Combating inflation and sustaining growth momentum may be the top priority, but the government on Monday said it would strive to push economic reforms to encourage foreign and private sector investments in the economy.
“The Indian economy continues to be on a trajectory of high growth despite an adverse global environment... However, there is no room for complacency,” President Pratibha Patil said in her address to Parliament that marked the beginning of the Budget session.
The top priority of the government, she said, would include combating high prices especially of food items and sustaining momentum of economic growth.
To achieve this twin objective, she said “we have strived to make the domestic environment more conducive to investment, encouraging public as well as private investment, and domestic as well as foreign investment, particularly FDI.
“We have to maintain the momentum for reforms on a wide front,” Ms. Patil said.
Referring to the high inflation during the past one year, the President said “my government is deeply concerned over the adverse impact of inflation on the aam aadmi (common man) and the threat it poses to the growth momentum.”
While the food inflation had touched 18.32 per cent in December, 2010 before moderating to over 11 per cent this month, the overall inflation still hovers above eight per cent as against the comfort level of 5—6 per cent.
The economic growth, however, is expected to be 8.6 per cent for the current fiscal, up from eight per cent a year ago.
Against the backdrop of a series of scams that has hit the government, the President said, “Our citizens deserve good governance; it is their entitlement and our obligation.
“My government stands committed to improving the quality of governance and enhancing transparency, probity and integrity in public life.”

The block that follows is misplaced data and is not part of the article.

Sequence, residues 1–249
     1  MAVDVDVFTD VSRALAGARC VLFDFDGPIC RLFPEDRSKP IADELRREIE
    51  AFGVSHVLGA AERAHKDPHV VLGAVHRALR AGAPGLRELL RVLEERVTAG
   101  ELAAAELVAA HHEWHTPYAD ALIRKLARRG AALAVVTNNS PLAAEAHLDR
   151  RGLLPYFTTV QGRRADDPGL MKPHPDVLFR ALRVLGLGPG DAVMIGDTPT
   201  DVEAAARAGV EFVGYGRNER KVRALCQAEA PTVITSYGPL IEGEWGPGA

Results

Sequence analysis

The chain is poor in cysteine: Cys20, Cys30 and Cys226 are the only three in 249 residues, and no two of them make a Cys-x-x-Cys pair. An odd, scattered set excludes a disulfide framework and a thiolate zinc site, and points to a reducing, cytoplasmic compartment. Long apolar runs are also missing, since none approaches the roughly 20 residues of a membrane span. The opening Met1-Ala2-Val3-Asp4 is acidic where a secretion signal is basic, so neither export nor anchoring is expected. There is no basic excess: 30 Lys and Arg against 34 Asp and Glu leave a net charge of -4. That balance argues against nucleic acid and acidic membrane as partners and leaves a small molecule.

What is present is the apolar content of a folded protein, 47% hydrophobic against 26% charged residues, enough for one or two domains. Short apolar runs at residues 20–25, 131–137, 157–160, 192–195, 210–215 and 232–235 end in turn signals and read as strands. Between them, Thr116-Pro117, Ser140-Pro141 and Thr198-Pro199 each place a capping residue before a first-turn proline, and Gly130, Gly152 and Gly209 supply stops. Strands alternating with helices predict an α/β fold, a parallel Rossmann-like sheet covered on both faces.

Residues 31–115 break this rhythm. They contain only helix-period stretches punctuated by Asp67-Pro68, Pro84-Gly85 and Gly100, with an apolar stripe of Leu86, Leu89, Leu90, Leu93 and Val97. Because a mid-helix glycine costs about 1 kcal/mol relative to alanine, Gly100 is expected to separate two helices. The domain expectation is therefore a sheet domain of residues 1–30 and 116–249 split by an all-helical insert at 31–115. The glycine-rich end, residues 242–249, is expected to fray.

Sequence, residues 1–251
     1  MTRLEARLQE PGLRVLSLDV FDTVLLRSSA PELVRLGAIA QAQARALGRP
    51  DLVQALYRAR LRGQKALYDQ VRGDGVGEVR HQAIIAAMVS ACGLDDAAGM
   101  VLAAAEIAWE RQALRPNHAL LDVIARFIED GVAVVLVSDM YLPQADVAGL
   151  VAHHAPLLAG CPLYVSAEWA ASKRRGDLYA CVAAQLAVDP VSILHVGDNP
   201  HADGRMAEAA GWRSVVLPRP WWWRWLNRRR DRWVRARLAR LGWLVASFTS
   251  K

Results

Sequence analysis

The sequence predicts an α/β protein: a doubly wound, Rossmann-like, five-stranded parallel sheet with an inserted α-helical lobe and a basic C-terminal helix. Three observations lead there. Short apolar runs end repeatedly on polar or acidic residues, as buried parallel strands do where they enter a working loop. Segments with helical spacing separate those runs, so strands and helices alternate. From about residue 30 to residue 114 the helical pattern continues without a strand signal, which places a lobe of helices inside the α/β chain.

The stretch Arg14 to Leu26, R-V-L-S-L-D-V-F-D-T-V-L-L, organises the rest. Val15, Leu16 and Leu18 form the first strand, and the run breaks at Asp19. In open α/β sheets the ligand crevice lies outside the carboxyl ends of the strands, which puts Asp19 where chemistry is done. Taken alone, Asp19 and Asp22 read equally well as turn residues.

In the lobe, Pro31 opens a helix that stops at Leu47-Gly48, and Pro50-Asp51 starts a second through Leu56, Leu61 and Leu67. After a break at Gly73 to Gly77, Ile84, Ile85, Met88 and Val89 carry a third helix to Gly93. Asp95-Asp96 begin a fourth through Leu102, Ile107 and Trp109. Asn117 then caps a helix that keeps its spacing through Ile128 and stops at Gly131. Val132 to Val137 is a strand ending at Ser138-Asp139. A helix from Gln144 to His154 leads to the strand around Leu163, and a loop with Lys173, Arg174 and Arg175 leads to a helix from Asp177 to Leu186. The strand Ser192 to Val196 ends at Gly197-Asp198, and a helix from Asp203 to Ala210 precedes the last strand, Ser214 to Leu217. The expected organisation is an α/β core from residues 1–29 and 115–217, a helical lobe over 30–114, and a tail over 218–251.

Outlining five “foremost” priorities of the government, the President said it will “address frontally the concern regarding lack of probity and integrity in public life.”
She noted that a Group of Ministers (GoM) was considering all measures, including legislative and administrative, to tackle corruption and improve transparency.
The Group will consider issues relating to the formulation of a public procurement policy and enunciation of public procurement standards, review and abolition of discretionary powers enjoyed by ministers.
Black money issue
Touching upon the raging controversy of black money stashed abroad in secret accounts, the President said the issue has attracted a lot of attention in the recent past.
“My government will spare no effort in bringing back to India what belongs to it and bring the guilty to book,” she asserted.
Ms. Patil said the government “fully shares the concern about the ill-effects of black money whether generated by evasion of taxes on income earned legitimately or through illegal activities.
“My government stands committed to tackling the menace frontally. It requires diligent, sustained effort by all law enforcement agencies, including those of State governments,” she said.
The President said the government has taken many steps to strengthen the legal framework, build new institutions and improve capacity to tackle this problem.
A multi—disciplinary study has been commissioned to go into its ramifications for national security and recommend a suitable framework to tackle it.
The government is also working closely with the international community, especially through the G-20, to expedite the process of identification and recovery of such money, she said.